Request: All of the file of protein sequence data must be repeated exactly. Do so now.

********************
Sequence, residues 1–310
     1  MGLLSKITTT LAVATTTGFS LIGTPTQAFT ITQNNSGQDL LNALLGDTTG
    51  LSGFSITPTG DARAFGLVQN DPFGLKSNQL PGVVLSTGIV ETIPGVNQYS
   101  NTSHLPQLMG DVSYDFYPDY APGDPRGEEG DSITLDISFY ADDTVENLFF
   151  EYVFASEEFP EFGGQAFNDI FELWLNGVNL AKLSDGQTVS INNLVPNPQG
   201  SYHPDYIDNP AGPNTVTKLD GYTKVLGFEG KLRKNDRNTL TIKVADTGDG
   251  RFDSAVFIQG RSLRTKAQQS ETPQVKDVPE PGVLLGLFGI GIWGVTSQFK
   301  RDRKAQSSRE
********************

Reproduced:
Sequence, residues 1–310
     1  MGLLSKITTT LAVATTTGFS LIGTPTQAFT ITQNNSGQDL LNALLGDTTG
    51  LSGFSITPTG DARAFGLVQN DPFGLKSNQL PGVVLSTGIV ETIPGVNQYS
   101  NTSHLPQLMG DVSYDFYPDY APGDPRGEEG DSITLDISFY ADDTVENLFF
   151  EYVFASEEFP EFGGQAFNDI FELWLNGVNL AKLSDGQTVS INNLVPNPQG
   201  SYHPDYIDNP AGPNTVTKLD GYTKVLGFEG KLRKNDRNTL TIKVADTGDG
   251  RFDSAVFIQG RSLRTKAQQS ETPQVKDVPE PGVLLGLFGI GIWGVTSQFK
   301  RDRKAQSSRE